P-value 0.409   0.556 0.138
UREA R 0.253 0.14 1 0.839**
P-value 0.283 0.556   0
CREATININE R 0.465* 0.344 0.839** 1
P-value 0.039 0.138 0  

Table 4: Correlation of renal biochemical indices in steady sickle cell subjects.

Biomedical-Sciences-Operating-Curve

Figure 1: The Receiver Operating Curve (ROC) of serum levels of NGAL, Urea, and Creatinine in sickle cell subjects.

Discussion

Acute Kidney Injury (AKI) is characterized functionally by a rapid decline in the Glomerular Filtration Rate (GFR) and represents a common syndrome resulting from multiple causative factors with various clinical features such as blood urea, nitrogen, and creatinine caused by the accumulation of nitrogenous wastes [13]. Despite the progressively increasing advances in diagnosis and treatment of sickle cell disease, renal injury represents an important risk factor for the development of serious complications as well as an independent mortality risk in hospitalized sickle cell patients [9]. The lack of reliable biomarkers for the early structural kidney injuries results in an unacceptable delay in the clinical diagnosis, which strongly limits a prompt therapeutic approach [10,18].

In this study, NGAL and urea were significantly increased while GFR was decreased in both Steady and VOC sickle cell subjects when compared to the control group respectively. The VOC SCD group showed higher circulating levels of urea and creatinine accompanied by reduced levels of NGAL than the steady SCD group, therefore, underpinning the significance of NGAL as a biomarker of early renal damage in sickle cell subjects since NGAL correlated positively with the duration of sickle cell disease mainly when GFR was decreased. NGAL is a known protein which regulates and binds the release of catalytic iron from insulted cells and is produced by the renals in response to acute injury [19,20]. Contrary to conventional markers, such as serum creatinine and blood urea nitrogen or serum; NGAL is not considered a marker of renal function, but a reflection of structural damage of renal cells. NGAL has previously been reported to be effective in the early diagnosis of Acute Kidney Injury (AKI) in several clinical settings [20-22] and also validated as a significant prognostic factor in cardiovascular morbidity [23]. This implies that NGAL may reflect a progression of the early renal structural damage occurring during the disease despite GFR remaining normal.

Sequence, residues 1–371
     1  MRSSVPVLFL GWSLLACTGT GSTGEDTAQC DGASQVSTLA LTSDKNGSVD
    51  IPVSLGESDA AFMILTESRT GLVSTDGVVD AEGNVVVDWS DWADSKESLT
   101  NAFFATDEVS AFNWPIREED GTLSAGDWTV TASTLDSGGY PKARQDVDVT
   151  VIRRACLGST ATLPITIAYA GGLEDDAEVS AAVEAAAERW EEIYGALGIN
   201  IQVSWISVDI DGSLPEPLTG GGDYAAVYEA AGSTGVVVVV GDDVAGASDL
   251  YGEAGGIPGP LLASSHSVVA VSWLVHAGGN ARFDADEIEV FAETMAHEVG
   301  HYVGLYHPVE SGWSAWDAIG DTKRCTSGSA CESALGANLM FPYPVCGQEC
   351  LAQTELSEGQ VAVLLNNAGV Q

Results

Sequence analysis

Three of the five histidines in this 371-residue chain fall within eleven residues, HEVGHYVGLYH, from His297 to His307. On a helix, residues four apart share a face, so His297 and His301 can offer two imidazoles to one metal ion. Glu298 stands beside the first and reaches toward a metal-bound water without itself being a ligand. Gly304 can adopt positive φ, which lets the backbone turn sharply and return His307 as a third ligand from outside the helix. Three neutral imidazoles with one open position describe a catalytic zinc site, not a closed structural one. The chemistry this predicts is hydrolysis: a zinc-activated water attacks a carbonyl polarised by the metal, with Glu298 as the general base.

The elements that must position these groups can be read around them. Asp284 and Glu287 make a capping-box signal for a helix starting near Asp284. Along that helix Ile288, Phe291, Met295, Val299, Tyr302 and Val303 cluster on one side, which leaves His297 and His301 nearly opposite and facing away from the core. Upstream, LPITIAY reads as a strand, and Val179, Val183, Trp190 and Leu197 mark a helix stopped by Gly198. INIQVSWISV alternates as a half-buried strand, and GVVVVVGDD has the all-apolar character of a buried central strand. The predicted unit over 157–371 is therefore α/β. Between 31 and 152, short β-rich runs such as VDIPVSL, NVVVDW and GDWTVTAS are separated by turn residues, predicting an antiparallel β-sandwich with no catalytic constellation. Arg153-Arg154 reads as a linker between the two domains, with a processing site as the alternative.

Serum NGAL had strong negative correlations with GFR in both vaso-occlusive and steady groups, indicating a significant association with renal function decline. Creatinine also showed a positive correlation with both urea and GFR in the steady SCD group, which may, therefore, be suggestive of an association of NGAL with the occurrence of Early Renal Disease (ERD). NGAL had an excellent and superior area under the ROC curve as compared to urea and creatinine when their diagnostic performances were evaluated using the “Area under the Receiver Operating Curve” (AUROC). This is consistent with the similar observations previously reported in patients with diabetes and hypertension [15,20]. The current study, to our knowledge; represents the first study assessing the predictive value of other early markers of renal injury, besides urea and creatinine, in two different groups of patients with sickle cell disease. This finding correlates with other studies on the predictive role of NGAL as an early clinically significant biomarker than Urine Albumin to Creatinine Ratio [UACR] [5].

Conclusion

In this cohort study, NGAL came across as a sensitive tool and an early biomarker for acute kidney injury in sickle cell subjects capable of mitigating the associated delayed diagnosis of AKI as its serum measurement apparently predicted the occurrence of AKI in the sickle cell patients. This finding is therefore clinically significant as NGAL measurement is widely available, cheap and sensitive in aiding early detection with a dynamic wide range for routine assessment in the management of SCD. Evidently, more work with larger multicenter studies are however still needed to corroborate these findings.

Significance Statements

This study identified NGAL as a novel marker for the prediction of AKI for routine assessment in the management of SCD and associated conditions, these findings may help researchers and clinicians diagnose structural kidney injuries early enough to initiate prompt therapeutic approaches. Despite NGAL being well established in this study as an early predictive marker for acute kidney injury among sickle cell subjects, the small sample size was a great limitation. Thus, a larger scale study would be integral to delineating the roles of NGAL as a reliable predictor of AKI in sickle cell conditions.

Competing and Conflicting Interests

The authors declare no conflict of interests.

Acknowledgment

The authors appreciate the entire staff of Sickle Cell Clinic of Federal Medical Centre, Owo and all the participants for their supports during this study.

References